I plan to call you within the next 10 days to be sure you received this letter and to ask if you have any thoughts or ideas about people I should contact, or specific positions or opportunities I should pursue. I appreciate your taking the time to consider my situation, and I look forward to talking to you soon. All the best to Nancy.

Best Regards,


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William S. Frank, M.A.,
25 Reasons I love consulting.
by William S. Frank
  1. Brand. You are your own brand, and you can define it any way you want. For many years, I provided outplacement to the ex-employees of Schlumberger, the world's largest oilfield service corporation. When departing employees left the company, they didn't request outplacement in their severance package. They said, "I want Bill Frank."
  2. Demand. The world will always be full of terrible problems that need solving.
  3. White Hat. I can be a helper and get paid for it.
  4. Pay. I can be paid to do things I'd gladly do for nothing.
  5. Variety. Every day is different.
  6. Happiness. At this stage of my career, I only work for people I respect and care about. If a client micromanages me or is otherwise no fun, I complete the assignment and replace them.
  7. Talent. I'm using 110% of my talents and stretching myself to the max.
  8. Change. I can change my focus any day I want. If you're a McDonald's franchisee, you don't say, "Hey, I've got this great idea for a meatball sandwich—let's try it out today." In consulting you can adjust your focus hour-by-hour, as long as your clients still understand and appreciate what you do.
  9. Income. No one else would pay me as much as I pay myself.
  10. FUN. I can't think of anything I'd rather be doing.
  11. Retirement. I can write and consult as long as I am physically and mentally capable. Peter Drucker worked into his 90s, and when asked which book was his best, he said: "My next one."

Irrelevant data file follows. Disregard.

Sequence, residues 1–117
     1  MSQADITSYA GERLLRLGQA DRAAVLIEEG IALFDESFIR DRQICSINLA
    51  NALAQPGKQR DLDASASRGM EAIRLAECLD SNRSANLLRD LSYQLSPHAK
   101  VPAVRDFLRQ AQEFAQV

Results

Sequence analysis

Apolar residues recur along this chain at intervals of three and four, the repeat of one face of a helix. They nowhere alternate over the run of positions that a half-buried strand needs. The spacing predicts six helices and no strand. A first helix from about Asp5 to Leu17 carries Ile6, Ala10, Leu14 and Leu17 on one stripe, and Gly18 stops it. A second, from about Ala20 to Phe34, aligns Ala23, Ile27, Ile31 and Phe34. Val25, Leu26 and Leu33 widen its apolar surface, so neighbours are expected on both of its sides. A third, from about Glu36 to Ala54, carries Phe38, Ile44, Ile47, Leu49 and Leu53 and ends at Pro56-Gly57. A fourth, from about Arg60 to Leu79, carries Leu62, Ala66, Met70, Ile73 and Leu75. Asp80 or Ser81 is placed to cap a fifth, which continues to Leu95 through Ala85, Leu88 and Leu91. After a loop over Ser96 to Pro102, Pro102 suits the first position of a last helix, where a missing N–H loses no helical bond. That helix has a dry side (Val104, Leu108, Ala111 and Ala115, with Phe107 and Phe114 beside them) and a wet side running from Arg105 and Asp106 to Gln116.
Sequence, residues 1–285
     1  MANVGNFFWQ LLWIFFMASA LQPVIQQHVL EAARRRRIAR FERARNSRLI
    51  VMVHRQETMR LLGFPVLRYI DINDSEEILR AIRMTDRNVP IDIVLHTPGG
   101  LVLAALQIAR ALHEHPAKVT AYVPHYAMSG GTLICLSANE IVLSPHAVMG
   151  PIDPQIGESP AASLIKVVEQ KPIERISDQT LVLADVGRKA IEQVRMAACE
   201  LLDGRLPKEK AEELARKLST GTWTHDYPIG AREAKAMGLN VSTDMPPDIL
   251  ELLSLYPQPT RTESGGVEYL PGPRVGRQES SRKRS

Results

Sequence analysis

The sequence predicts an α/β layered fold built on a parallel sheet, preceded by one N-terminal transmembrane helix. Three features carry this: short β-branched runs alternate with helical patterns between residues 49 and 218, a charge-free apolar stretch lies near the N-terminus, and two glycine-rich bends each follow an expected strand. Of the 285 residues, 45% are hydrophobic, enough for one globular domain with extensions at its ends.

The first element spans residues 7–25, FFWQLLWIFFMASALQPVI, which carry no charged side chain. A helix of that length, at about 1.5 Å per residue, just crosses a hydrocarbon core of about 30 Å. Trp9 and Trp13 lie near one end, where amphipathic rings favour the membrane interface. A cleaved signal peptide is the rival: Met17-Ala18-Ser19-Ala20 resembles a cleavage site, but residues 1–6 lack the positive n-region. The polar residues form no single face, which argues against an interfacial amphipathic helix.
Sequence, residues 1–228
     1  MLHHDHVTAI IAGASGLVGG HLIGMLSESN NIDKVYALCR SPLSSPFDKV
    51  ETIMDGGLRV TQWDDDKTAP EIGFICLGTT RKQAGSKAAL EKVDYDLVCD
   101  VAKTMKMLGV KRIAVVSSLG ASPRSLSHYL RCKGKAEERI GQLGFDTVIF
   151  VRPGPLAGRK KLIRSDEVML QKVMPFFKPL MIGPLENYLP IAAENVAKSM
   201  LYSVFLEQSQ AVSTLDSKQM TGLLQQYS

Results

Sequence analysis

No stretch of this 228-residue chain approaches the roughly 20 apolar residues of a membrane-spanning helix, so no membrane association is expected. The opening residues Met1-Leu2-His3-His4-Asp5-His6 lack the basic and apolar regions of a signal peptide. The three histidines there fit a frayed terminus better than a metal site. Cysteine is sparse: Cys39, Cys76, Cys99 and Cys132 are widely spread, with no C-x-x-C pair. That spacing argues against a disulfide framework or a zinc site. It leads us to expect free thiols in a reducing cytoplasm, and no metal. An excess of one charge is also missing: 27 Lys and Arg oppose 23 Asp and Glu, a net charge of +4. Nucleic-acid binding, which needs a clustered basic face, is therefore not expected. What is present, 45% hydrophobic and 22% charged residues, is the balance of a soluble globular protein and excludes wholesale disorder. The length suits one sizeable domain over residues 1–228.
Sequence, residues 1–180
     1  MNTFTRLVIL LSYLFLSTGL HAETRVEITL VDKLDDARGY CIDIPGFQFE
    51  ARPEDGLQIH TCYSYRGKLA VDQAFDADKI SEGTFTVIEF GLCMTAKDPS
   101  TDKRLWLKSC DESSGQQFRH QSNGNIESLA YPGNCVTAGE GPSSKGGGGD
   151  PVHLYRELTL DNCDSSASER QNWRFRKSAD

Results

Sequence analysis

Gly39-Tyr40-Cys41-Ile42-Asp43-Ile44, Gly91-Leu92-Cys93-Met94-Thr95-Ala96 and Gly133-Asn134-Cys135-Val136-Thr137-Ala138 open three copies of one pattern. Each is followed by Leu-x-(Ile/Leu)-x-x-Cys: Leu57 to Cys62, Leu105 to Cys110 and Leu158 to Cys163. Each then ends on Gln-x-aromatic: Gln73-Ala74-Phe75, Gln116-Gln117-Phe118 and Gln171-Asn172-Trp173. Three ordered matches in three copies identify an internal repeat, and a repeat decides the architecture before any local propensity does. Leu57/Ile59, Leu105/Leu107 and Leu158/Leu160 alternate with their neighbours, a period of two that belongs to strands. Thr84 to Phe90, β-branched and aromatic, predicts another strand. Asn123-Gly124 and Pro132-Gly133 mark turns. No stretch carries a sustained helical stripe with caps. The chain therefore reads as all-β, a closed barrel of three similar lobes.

12. Job Security. Although clients come and go, no one can come into my office and say, "Pack up your stuff . . . You don't work here anymore." In 29 years, I've only had one employer: ME.
  13. Travel. I don't have to travel unless I decide to. I travel if it's both FUN and profitable—or at least FUN.
  14. Commute. I live five minutes from my office, a corner office in an upscale six-story tower. In winter, I leave a heated garage at home and drive to an underground heated garage at work. There's seldom time to hear even one song on the radio.
  15. Vacation. Consulting is more fun than vacation (except on Wailea Beach in Maui).
  16. Friends. I have developed hundreds of close acquaintances and several lifetime friends.
  17. Time. I can work as much or as little as I like: four-hour days or 18-hour days. (Of course, my income will reflect that.)
  18. Employees. I can work with employees, subcontractors, partners, or alone—I've done it all.
  19. Passive Income. I've developed several products that provide "mailbox money." I earn while I'm sleeping.
  20. Ethics. I've never had to violate my values or personal code of ethics. I've never had to lie, purposely deceive or harm others, or promise things I can't deliver. I go to bed with a clear conscience. That doesn't mean there's never any conflict. But the conflict is conducted according to generally accepted business practices.
  21. Virtual. My career is fairly portable. With the Internet, e-mail, cell phone, and FedEx, I can work nationally, even internationally from my office—or anywhere in the world.
  22. Purpose. I make a difference in peoples' lives every day. I see it in their faces, hear it in their voices, and read it in their thank-yous.
  23. Experience. Every painful or joyful life experience makes me a better consultant. So does every person I meet or book I read. Grey hair can be good in consulting.
  24. Structure. I have to work very hard, and the clients expect superb results—but I get to structure my days, weeks, months, and years.
  25. Boss. Most of the time, I love my boss.
As I was posting these letters online, I realized I want to communicate my love for consulting. It's just a great business. The single letters, taken together, may create a picture of enjoyment, but in a burst of creativity I listed some of the reasons consulting is such a good fit for me—and perhaps for you, too. They are not prioritized; this is just how they came out.